Thursday, June 28, 2007

New eBooks about (not quite about) and inspired by earthquakes

Earthquakes have been on my mind lately – it is, after all, the 15 year anniversary of the Landers Quake; the biggest earthquake in 40 years – 7.3! I vividly remember being shaken out of bed.

So, with earthquakes on my mind, it is no surprise that I ended choosing with the following eBooks: Little Earthquakes by Jennifer Weiner and I Feel Earthquakes More Often Than They Happen by Wilentz, Amy

This was a very fun read -- probably too much like "chick lit" for the guys in the audience -- I am willing to bet that every mother can relate to the story in this book.
Babies are wonderful but change is hard, marriage is a challenge and sometimes the best you can do survive with the help of friends and a little humor.

Now, in Jennifer Weiner's richest, wittiest, most true-to-life novel yet, this highly acclaimed storyteller brings readers a tale of romance, friendship, forgiveness, and extreme sleep deprivation, as three very different women navigate one of life's most wonderful and perilous transitions: the journey of new motherhood.

Rebecca Rothstein-Rabinowitz is a plump, sexy chef who has a wonderful husband, supportive friends, a restaurant that's received citywide acclaim, a beautiful baby girl...and the mother-in-law from hell. Kelly Day's life looks picture-perfect. But behind the doors of her largely empty apartment, she's struggling to balance work and motherhood and marriage, while entering Oliver's every move (and movement) on a spreadsheet, and dealing with an unemployed husband who seems content to channel-surf for eight hours a day. And Ayinde Towne is already on shaky ground, trying to live her life to the letter of a how-to guide called Baby Success, when her basketball superstar husband breaks her trust at the most vulnerable moment in her life, putting their marriage in peril -- and their new family even more in the public eye.
Then there's Lia Frederick, a Philadelphia native who has just come home, leaving Los Angeles behind, along with her glamorous Hollywood career, her husband, and a tragic secret, to start her life all over again. With her trademark warmth and humor, Weiner tells the story of what happens after happily ever after...and how an eight-pound bundle of joy can shake up every woman's sense of herself in the world around her. From prenatal yoga to postbirth sex, from sisters and husbands to mothers and mothers-in-law, Little Earthquakes is a frank, funny, fiercely perceptive Diaper Genie-eye view of the comedies and tragedies of love and marriage. "

I totally recommend this book. Lots of fun!

The juxtaposition of Earthquakes and Schwarzenegger grabbed my attention. I’m a native Californian; we do earthquakes. Obviously, this is a book written by “one of them-there fr'reigners”. It's always amusing to see how others view us.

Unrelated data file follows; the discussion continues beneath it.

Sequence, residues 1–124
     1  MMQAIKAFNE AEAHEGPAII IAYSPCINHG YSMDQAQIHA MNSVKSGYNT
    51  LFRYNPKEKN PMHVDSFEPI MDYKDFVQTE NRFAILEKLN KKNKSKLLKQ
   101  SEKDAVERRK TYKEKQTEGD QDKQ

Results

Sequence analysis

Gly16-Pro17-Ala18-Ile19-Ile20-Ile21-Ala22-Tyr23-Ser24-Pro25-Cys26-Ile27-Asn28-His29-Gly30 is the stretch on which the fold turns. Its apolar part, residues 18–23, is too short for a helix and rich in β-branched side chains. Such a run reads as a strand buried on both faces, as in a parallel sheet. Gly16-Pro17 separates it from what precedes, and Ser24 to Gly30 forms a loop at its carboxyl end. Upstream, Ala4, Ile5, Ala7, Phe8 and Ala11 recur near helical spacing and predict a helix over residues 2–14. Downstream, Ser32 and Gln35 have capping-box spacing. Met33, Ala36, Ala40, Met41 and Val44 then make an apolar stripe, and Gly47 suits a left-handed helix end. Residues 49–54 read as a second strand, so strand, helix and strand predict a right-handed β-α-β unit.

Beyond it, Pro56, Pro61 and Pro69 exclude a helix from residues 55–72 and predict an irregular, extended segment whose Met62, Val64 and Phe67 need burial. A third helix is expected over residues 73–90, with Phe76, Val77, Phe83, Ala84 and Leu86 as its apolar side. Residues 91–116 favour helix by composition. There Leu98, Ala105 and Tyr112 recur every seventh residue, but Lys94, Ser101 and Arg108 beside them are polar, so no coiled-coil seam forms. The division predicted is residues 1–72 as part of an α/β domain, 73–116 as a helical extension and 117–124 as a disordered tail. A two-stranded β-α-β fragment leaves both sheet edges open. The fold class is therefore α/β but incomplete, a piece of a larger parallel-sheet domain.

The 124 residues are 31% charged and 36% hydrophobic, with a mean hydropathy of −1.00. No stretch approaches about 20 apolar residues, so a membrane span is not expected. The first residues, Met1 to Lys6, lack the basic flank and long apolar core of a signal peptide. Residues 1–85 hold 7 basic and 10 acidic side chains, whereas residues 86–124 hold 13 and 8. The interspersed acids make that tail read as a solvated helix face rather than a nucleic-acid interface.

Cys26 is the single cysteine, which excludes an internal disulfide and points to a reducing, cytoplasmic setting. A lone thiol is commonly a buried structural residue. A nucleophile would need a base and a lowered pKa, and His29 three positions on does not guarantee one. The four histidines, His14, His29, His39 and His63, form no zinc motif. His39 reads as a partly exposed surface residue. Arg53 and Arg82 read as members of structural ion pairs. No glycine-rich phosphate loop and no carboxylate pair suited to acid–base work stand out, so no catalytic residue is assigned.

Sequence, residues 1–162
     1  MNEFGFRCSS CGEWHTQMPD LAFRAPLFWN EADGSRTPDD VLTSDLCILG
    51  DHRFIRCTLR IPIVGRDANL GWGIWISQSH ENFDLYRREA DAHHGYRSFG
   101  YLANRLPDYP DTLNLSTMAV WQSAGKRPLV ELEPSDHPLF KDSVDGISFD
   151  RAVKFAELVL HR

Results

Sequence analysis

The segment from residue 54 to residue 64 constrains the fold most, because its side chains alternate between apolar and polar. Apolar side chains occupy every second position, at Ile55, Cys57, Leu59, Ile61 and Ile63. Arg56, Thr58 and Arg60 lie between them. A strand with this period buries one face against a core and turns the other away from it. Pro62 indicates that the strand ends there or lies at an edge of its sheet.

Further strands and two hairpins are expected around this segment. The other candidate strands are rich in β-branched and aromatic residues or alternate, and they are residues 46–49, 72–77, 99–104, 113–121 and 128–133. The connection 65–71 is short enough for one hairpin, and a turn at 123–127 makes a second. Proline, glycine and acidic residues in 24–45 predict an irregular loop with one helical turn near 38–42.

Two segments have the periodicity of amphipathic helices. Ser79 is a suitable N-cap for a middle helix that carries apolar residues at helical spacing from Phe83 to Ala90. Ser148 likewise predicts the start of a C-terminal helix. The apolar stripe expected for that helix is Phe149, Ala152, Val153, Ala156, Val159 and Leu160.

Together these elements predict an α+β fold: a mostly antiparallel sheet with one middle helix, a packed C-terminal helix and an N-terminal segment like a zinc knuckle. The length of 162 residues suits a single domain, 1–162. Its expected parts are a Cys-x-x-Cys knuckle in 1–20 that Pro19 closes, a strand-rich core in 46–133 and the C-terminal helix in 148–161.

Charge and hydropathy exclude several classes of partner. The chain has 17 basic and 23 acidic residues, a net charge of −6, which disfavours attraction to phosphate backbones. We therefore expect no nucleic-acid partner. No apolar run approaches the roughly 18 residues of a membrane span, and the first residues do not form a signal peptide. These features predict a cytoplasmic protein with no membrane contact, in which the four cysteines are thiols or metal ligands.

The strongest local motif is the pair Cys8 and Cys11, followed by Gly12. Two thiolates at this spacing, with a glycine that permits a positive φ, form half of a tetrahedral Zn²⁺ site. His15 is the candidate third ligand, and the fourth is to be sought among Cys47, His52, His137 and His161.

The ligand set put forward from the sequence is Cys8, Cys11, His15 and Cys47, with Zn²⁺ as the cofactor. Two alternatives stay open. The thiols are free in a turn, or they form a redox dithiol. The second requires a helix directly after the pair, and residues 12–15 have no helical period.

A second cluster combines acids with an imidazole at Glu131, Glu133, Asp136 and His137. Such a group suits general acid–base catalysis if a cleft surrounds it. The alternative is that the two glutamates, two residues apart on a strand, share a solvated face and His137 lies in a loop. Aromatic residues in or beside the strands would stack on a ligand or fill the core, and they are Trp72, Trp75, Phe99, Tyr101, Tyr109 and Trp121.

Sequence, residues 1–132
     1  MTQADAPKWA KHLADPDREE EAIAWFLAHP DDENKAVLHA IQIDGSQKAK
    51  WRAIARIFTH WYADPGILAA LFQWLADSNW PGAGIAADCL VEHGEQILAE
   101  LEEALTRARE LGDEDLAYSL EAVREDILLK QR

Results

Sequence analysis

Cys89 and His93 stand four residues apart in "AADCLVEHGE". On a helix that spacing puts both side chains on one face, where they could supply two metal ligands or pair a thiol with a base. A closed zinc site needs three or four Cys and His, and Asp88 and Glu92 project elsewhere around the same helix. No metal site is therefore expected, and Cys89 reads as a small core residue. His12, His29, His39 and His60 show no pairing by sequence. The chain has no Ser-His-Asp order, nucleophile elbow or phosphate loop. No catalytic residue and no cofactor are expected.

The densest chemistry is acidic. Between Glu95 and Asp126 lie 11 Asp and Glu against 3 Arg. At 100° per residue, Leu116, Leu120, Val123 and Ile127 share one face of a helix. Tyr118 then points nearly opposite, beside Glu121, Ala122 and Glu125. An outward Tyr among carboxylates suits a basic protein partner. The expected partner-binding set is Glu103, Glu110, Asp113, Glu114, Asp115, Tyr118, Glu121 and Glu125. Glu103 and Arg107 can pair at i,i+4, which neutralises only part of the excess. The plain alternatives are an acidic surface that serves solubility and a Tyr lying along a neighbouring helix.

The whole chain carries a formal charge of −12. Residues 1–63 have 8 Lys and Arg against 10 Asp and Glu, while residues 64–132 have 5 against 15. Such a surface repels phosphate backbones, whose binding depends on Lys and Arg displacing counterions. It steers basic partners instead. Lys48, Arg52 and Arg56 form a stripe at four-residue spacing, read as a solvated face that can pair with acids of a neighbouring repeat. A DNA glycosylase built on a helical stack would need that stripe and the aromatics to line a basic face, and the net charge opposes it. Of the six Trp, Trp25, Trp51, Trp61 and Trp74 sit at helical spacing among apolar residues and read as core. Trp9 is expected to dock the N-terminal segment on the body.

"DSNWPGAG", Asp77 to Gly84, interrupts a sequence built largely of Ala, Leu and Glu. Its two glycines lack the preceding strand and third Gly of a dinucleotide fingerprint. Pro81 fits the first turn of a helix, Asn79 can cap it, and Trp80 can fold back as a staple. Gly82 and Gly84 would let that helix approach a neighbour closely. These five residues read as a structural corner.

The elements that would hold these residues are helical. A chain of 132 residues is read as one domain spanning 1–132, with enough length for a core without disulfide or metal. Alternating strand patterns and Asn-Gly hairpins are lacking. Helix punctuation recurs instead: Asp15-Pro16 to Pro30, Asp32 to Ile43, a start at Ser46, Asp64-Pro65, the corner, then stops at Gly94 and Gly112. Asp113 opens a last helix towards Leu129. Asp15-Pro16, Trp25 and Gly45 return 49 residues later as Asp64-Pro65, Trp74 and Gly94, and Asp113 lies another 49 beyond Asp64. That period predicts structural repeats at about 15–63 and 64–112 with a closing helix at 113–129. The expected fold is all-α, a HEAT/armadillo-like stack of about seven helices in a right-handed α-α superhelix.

Past California governors include an almost-Jesuit, an actor, a Supreme Court Justice in waiting and at least one certified crook. We once had “Slick” Willie Brown as Speaker of the House. All infinitely more strange than an Austrian bodybuilder.

The official synopsis should have said:
---- Warning: East Coast Snob Disses all things Californian ----
What it says instead is:

From Amy Wilentz, comes an irreverent, inventive portrait of the state of California and its unlikely governor, Arnold Schwarzenegger. As a lifelong easterner and an outsider in the West she takes the reader on a picaresque journey from exclusive Hollywood soirees to a fantasy city in the Mojave desert, from the La Brea Tar Pits to celebrity-besotted Sacramento, from the tents of Skid Row to surf-drunk Malibu, from a snowbird retreat near Mexico to the hippie preserve of tide-beaten Big Sur, along the way offering up sharp observations on politics, fund-raising, the water supply, the Beach Boys, earthquake preparedness, home economics, catastrophism, movie-star politicians, political movie stars, Charlie Manson, and location scouts who want to rent your house in order to make television commercials for bathroom wall cleansers or Swedish banks.

Wilentz moved to Los Angeles from a Manhattan wounded by September 11, only to discover a paradise marred by fire, flood, and mudslides. In what seemed like a joke to her, a Democratic governor nicknamed Gumby was about to be ousted by an Austrian muscleman in a bizarre election promoted by a millionaire whose business was car alarms. Intrigued, she set out to find the essence of the quirky, trailblazing state. During her travels, she spots celebrities but can't quite place them, drops in on famous salons with habitués like Warren Beatty and Ariana Huffington, and visits the neglected office of one very special 9,000-year-old woman.

Plunging into the traffic of California, Wilentz noodles out meaning in some of the least likely of places; she sees the political in the personal and the personal in the political. By now an expert on tremors real and imagined, she offers readers on both coasts insights into where California stands today, and America as well.

Sounded pretty good; so and why not? I'm always up for a little wit and sarcasm.

Unfortunately I did not find it witty. There were little pieces that were amusing, but mainly it is a dull, mean spirited and incredibly repetitive rant on everything wrong with California and everyone she has ever met here.

The title is great; the book -- not so much.

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